Healthy Cooking: 8 Simple Tips for Improving Your Meals at Home, According to Pro Nutritionists
As we continue to have more flexibility in working from home, many of us are spending additional time in the kitchen. Whether this notion is exciting, daunting, or both depends on the individual—but for many, health consciousness is top of mind in stocking our cupboards and rustling up meals. Even if you’re less experienced in the kitchen, you can take comfort in the fact that healthy cooking is an act of self-care—and even a small way to reclaim a sense of control in these ongoing uncertain times. “It’s not a chore, it’s one of the most powerful tools we have to influence our health and nourish our bodies,” says Manhattan-based nutritionist Maria Marlowe, adding that the act of preparing a meal can double as a “moving meditation.”
When prioritizing health and self-care, it’s essential to look beyond pre-made foods as much as possible, says Kimberly Snyder, a Los Angeles–based nutritionist who counts Reese Witherspoon and Kerry Washington as clients. “I find that a lot of people don’t think they are ‘cooks,’ so over-rely on packaged foods, including frozen entrees, canned soups, packaged snacks,” she explains. According to Snyder, making delicious and healthy meals can be easy and simple—it’s just a matter of choosing the right ingredients and knowing how best to prepare them. Here, all the helpful tips you need for healthy cooking, from the best oils to the optimal way to prepare those dark leafy greens.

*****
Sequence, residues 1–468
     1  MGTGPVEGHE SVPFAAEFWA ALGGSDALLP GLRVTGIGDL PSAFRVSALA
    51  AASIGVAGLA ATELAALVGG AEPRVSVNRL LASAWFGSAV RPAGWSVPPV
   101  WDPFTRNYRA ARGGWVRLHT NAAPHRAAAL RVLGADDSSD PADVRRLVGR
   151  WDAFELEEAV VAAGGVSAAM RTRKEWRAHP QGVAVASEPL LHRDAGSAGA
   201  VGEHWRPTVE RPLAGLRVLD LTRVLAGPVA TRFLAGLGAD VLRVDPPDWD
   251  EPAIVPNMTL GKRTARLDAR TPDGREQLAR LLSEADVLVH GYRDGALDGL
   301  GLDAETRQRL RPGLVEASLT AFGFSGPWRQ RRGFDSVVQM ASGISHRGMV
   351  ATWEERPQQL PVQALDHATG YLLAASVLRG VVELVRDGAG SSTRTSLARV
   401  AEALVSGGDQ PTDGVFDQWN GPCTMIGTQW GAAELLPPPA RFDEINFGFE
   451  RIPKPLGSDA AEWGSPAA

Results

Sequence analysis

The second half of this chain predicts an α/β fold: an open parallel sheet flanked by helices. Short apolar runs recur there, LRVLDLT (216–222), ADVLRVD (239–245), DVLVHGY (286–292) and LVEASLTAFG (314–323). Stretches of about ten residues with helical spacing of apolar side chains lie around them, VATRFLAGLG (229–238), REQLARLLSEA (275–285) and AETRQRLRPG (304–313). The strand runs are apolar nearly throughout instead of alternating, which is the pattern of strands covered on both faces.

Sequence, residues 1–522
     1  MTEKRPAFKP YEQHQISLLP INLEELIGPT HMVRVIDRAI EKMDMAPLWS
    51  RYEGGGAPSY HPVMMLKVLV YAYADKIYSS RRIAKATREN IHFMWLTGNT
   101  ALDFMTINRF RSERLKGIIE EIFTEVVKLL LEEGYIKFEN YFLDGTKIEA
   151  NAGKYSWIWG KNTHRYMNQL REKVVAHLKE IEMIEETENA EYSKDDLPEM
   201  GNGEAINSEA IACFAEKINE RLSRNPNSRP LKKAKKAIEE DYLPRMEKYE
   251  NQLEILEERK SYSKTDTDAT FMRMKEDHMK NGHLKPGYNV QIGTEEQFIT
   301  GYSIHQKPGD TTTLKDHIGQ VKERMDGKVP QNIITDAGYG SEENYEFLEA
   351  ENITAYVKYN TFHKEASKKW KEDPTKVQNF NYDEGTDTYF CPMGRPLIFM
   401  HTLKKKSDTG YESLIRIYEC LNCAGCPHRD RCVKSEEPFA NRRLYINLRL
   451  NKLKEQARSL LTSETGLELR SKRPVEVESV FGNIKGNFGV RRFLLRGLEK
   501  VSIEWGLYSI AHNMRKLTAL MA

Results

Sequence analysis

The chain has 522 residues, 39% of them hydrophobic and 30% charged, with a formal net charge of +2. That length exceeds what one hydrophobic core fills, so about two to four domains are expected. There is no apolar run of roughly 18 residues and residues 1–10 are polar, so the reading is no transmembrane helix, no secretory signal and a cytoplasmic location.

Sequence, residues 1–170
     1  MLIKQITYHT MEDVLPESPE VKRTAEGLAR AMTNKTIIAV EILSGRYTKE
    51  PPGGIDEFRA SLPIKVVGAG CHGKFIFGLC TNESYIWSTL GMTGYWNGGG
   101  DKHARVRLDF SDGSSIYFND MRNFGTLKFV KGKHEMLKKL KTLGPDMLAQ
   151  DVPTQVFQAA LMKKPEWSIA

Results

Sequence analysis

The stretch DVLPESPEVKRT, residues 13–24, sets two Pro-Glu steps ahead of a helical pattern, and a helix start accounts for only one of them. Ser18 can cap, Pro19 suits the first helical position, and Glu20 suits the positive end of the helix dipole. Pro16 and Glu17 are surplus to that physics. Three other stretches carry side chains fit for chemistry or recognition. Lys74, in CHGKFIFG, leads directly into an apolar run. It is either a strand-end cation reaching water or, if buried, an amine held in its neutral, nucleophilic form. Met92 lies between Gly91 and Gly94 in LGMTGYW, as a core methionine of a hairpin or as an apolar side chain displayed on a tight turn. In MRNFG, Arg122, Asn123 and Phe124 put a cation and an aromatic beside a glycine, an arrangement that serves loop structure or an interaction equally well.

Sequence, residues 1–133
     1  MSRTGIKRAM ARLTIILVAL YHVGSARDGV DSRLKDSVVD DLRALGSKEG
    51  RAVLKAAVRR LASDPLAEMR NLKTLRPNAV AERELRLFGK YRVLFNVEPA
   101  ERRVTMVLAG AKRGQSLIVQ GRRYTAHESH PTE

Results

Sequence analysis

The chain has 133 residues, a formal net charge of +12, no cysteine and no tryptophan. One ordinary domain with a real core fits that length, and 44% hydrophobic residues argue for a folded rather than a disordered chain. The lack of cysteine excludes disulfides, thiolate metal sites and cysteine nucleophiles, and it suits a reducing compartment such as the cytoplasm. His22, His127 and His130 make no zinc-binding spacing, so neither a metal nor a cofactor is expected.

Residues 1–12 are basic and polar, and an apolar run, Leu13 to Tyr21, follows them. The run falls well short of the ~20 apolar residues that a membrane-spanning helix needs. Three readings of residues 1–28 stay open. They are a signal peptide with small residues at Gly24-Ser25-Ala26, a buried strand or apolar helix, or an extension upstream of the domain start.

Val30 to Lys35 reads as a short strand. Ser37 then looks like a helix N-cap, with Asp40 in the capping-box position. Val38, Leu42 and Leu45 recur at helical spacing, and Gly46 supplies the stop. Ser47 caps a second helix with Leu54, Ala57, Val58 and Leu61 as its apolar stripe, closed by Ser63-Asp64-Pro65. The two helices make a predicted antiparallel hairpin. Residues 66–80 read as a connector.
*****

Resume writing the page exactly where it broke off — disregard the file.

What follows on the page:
Shop Fresh and Frozen
Shopping fresh at local markets may be ideal for seasonal vegetables and fresh meat and fish, but don’t discount the frozen food aisle. “I find sometimes people overlook all frozen food as unhealthy, but frozen vegetables and wild seafood are two great options—especially in a time like now where access to fresh may be limited,” says Marlowe. “They are typically just as nutritious, as well as more convenient and less expensive.” As far as what to stock up on in the produce aisle, dark leafy greens are some of the most antioxidant-rich and nutrient-dense foods, while cruciferous vegetables, like broccoli, cauliflower, and cabbage, are well known to support the body’s natural detoxification processes and lower inflammation, says Marlowe.
Stock Your Pantry Wisely
“Being prepared will be your best friend when it comes to making healthy food!” says Snyder, and that doesn’t just apply to fresh ingredients in your fridge. There’s no time like the present to get creative with shelf-stable options. “Fill the pantry with dry staples like quinoa, lentils, and chia seeds that you can always have on hand for quick meal options when you’re running low on groceries,” says Snyder. “You can save money by shopping these in bulk online or at co-ops.” In addition to healthy grains and seeds, consider coconut milk and curry pastes. “I always keep these on hand to whip up my favorite 15-minute dinner: a red Thai curry; simply add vegetables and your protein of choice and you have a satisfying flavorful meal ready faster than delivery.” There are also protein and veggie pastas, which taste great and provide more fiber and protein compared to traditional pasta, as well as jarred wild sardines or anchovies that can supply a quick and convenient omega-3 packed protein source that can be added to various different dishes, says Marlowe.
Pay Attention to Oils
Olive oil, which is the most studied and has the most documented health benefits, is always a good choice. “It’s anti-inflammatory, high in antioxidants, and supports cardiovascular and brain health,” says Marlowe, who advises using virgin olive oil for low heat cooking as it has a higher smoke point than extra virgin olive oil. Coconut oil, which is high in medium-chain-triglycerides (MCTs) that are believed to support healthy cognitive function, is a robust option for medium-heat cooking although it is higher in saturated fat. For high heat cooking, avocado oil, which is loaded with heart-healthy oleic acid, has a high 520-degree Fahrenheit smoke point.